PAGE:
I hope I did not lead you astray with my explanation about the Liberty Bell’s tuning using terms like overtone and partial. My apologies, dear reader. I give you a description of bell tuning below for the uninitiated, and I reveal the mystery of all mysteries at the end!
Bells are tuned unlike any other musical instrument. Most musical instruments from the western art tradition use either vibrating columns of air, such as woodwind and brass instruments in which the player blows air through a narrow pipe. Or they use vibrating strings, such as violins, cellos, guitars, and pianos. These instruments produce what is called the natural harmonic series. That means when you hear one of these instruments play a pitch, let’s say C, you are not hearing a pure C tone. What you are hearing are a combination of overtones of different pitches above that main pitch C.
Still with me? Here’s a graph showing the overtone structure for C. For you non-music readers out there, C is the very lowest note, the note that we hear the pitch at, and all the other notes above it are the overtones. Notice that they are spaced far apart in the beginning and then become closer together towards the top. Three out of the four first overtones are C, reinforcing the main C pitch.
So how is a bell overtone series different? When that bronze (alloy of copper and tin) vibrates, it produces this overtone series below (for a C bell). I should add the strong caveat that bells can be and are tuned to different overtone series, but this has become the most common overtone structure in the western hemisphere after centuries of bell casting. Another caveat is that this only shows the first five overtones of a bell—there are several more above these main five.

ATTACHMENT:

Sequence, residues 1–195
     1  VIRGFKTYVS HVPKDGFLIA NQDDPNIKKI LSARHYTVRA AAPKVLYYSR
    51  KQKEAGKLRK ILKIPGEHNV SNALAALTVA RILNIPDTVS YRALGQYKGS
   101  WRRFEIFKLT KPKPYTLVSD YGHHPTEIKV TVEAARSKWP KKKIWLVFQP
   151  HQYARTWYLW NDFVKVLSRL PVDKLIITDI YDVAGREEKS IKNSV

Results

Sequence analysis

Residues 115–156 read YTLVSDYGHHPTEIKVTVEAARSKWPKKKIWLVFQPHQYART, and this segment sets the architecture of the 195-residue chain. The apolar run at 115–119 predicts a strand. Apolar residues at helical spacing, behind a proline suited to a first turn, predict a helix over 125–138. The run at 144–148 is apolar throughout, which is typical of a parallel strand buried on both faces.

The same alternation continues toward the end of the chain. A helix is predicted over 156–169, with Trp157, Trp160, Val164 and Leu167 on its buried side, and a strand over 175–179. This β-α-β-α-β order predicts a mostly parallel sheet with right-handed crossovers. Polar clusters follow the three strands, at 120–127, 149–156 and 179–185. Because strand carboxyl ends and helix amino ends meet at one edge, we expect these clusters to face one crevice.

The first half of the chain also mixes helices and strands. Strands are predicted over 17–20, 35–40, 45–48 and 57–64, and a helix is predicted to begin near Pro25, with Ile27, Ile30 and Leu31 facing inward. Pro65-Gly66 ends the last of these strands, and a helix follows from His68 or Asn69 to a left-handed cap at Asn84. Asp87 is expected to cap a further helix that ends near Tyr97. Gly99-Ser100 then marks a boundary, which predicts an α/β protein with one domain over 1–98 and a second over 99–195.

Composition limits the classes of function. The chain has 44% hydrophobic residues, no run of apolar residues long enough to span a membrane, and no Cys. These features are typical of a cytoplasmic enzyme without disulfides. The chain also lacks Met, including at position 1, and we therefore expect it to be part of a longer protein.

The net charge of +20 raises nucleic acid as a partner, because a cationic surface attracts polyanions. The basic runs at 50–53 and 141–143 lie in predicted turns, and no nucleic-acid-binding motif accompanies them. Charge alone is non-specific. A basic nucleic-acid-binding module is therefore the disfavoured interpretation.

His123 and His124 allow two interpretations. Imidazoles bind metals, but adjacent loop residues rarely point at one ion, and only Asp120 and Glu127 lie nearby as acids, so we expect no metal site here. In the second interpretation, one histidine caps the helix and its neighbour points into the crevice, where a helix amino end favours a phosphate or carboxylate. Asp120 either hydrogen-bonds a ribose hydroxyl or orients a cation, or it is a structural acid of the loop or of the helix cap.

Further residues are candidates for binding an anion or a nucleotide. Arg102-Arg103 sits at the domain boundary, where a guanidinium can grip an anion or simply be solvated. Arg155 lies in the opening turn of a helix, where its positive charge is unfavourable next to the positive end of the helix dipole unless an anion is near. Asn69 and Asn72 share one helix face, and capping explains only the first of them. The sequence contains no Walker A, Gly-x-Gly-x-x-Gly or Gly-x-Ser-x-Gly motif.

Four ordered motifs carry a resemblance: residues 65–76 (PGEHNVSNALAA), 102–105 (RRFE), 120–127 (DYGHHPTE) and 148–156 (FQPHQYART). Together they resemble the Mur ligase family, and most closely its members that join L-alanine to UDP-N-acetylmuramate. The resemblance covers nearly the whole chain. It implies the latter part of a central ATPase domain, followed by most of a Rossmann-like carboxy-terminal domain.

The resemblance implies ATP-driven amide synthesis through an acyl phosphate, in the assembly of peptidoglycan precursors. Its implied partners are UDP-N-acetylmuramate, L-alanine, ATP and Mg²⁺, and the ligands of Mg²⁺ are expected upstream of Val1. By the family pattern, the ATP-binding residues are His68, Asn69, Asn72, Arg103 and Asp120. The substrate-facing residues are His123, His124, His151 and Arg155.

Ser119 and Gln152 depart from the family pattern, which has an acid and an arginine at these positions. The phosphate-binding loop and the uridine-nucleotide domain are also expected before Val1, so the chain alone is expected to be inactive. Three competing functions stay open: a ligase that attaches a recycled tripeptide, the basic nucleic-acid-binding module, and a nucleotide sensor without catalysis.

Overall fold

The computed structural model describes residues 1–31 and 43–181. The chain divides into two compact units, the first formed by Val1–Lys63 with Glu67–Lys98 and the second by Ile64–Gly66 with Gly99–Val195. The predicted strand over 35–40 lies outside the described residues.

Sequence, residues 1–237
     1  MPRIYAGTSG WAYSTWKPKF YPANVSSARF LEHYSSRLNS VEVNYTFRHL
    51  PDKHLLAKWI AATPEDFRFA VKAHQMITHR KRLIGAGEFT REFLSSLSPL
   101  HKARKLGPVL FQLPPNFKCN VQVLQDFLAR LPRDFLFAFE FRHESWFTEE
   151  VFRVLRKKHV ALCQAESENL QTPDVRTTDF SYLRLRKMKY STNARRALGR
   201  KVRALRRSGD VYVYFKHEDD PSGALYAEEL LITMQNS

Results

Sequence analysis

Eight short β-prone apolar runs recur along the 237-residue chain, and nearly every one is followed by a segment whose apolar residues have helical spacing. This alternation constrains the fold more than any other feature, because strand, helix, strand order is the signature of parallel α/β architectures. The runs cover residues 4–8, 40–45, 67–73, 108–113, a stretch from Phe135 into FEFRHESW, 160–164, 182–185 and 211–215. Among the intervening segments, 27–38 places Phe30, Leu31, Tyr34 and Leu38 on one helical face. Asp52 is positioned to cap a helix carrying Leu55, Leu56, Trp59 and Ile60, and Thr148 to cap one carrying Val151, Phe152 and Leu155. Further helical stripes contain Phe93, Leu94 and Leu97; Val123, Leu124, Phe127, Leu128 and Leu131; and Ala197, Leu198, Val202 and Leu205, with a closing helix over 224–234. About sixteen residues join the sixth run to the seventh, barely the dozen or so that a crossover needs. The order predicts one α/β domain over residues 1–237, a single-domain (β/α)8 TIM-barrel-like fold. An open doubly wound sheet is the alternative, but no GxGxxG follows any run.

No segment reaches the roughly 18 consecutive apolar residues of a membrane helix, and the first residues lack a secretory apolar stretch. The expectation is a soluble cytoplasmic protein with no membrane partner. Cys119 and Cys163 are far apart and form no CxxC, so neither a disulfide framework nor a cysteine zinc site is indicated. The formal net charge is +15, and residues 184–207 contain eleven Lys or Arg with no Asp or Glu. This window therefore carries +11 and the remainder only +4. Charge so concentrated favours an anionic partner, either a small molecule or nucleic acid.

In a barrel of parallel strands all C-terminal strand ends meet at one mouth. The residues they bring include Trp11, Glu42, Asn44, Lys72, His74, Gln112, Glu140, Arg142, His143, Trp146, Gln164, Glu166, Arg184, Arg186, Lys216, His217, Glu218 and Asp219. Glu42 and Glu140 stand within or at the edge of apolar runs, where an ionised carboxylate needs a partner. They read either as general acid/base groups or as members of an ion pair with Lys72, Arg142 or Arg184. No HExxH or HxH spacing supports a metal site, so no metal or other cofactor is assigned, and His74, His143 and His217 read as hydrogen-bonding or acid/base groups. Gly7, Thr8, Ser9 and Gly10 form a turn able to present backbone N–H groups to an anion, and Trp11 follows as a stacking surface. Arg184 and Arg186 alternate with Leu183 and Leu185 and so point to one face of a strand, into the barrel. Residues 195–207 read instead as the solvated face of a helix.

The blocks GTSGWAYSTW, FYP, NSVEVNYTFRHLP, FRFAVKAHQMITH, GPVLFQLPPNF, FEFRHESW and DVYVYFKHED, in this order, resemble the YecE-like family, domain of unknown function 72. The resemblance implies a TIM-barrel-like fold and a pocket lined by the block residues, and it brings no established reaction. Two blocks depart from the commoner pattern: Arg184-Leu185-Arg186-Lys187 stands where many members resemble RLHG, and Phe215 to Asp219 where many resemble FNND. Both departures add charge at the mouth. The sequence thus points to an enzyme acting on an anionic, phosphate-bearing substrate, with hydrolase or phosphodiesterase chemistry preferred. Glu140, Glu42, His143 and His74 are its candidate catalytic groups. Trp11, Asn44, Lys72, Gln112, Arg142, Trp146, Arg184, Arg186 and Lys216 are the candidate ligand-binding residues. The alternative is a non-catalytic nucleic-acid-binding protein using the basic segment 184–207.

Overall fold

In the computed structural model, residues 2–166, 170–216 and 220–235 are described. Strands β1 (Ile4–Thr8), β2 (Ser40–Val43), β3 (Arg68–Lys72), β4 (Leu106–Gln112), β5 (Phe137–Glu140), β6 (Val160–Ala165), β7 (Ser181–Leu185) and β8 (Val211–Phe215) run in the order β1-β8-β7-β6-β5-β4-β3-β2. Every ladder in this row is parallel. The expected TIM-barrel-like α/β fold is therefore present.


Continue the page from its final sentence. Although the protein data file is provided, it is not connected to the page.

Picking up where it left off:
The pitch we hear the bell at is actually a C positioned at the second overtone, not the lowest note. Notice that the overtones are positioned closer together. Also, there are three Cs spread out over five partials, not four. And music readers will notice the minor triad formed by the middle three notes very prominently. The minor triad is often understood as sad or gloomy in music of the western art tradition.
The most amazing, mysterious thing about the sound of bells, though? Are you ready for this? The strike tone, or the main pitch that we identify in the bell, is not present in the bell sound!
Umm…what? Come again? How can the pitch that we hear the bell ringing at not be in the bell sound?
And the answer is…we’re not sure. We have some theories, but no conclusive answer at this point. It seems our best hypothesis is that our brain hears the higher partials and creates the strike note for us. In the overtone scheme above, the strike note coincides with the pitch of the second overtone, but not necessarily. The prime overtone and the strike tone are decidedly different things.
So the next time you hear a bell, just remember that your brain is doing some heavy-duty work in creating the bell’s pitch for you. Your brain is far more musical than you had ever imagined!